The Transits of Venus have provided some of the most remarkable stories in the history of astronomy.

There are famous names and celebrated expeditions. Captain Cook’s first voyage around the world was planned so that the 1769 transit could be observed in Tahiti. For the same transit, King George III had an observatory specially built so that he could conveniently view the event near London.

An engraving of Matavai Bay, Tahiti showing Captain Cook's bark Endeavour anchored near Fort Venus, the site from which he observed the Transit of Venus in 1769.

View of Matavai Bay, Tahiti from One Tree Hill, 1769.

There are also touchingly human tales of misfortune. The French astronomer Le Gentil missed the transit of 1761 while aboard ship in the Indian Ocean. Rather than returning home he stayed on for the 1769 transit, only to have bad weather prevent his observations the second time around.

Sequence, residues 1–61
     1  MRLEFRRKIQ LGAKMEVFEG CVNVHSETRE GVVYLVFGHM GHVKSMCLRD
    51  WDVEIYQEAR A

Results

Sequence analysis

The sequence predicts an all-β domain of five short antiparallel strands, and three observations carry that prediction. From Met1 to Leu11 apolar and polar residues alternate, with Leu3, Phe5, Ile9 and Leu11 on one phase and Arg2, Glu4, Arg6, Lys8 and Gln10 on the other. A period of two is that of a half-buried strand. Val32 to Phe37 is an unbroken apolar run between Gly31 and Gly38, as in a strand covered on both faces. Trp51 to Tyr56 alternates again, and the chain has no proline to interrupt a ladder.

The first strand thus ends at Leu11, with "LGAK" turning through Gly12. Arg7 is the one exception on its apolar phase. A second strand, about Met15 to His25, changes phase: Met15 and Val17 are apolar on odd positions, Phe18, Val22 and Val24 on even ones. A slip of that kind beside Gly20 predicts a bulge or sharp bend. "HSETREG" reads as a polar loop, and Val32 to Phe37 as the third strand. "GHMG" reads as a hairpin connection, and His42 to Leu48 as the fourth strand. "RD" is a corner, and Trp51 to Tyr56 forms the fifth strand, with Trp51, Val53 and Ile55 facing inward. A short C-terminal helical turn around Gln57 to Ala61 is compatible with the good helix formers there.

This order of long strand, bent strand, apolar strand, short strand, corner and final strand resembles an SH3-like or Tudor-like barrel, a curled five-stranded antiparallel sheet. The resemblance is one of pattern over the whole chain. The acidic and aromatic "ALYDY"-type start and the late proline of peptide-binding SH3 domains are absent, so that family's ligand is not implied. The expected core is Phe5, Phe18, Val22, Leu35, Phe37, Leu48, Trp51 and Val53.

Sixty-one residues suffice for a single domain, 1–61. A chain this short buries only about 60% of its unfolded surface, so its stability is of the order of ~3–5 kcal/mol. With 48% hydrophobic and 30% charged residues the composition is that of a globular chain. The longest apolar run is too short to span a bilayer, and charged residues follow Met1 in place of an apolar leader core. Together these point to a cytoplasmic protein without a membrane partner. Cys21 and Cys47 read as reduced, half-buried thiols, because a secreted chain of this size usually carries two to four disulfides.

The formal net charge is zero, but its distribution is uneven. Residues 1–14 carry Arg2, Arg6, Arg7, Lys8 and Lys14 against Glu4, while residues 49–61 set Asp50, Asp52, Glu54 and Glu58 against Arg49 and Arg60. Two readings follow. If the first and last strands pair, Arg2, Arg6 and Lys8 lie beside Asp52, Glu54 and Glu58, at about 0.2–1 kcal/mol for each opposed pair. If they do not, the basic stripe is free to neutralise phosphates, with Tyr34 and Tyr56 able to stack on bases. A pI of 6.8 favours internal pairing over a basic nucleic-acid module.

However, the resources of this website are based principally on collections of objects and images, rather than people. Yet such materials often have their own stories. As part of the longitude determinations of the 1874 transit, two chronometers were sprinkled with vinegar and sent out in an open boat to overcome quarantine restrictions at the Seychelles (NASA ADS site).

At the other extreme from such surreal isolation were demonstration devices designed to bring astronomy to the public. The lecturer and scientific instrument maker Benjamin Martin devised a large wall-mounted apparatus to show the transit of 1769 as it appeared in London. He used the artificial transit in lectures given in his shop but, as the day itself approached and public interest grew, had to find a larger room in a nearby tavern: astronomy in the pub!

An engraving of Benjamin Martin's artificial transit of 1769, with Venus on the Sun as it sinks towards the horizon. Martin's mechanical demonstration is set in a 'celestial landscape' with a westward view from Islington looking over the fields north of London.

Benjamin Martin's artificial transit of 1769, from his Institutions of Astronomical Calculations (1773)

This section of the website will be expanded to highlight further material as the database grows.

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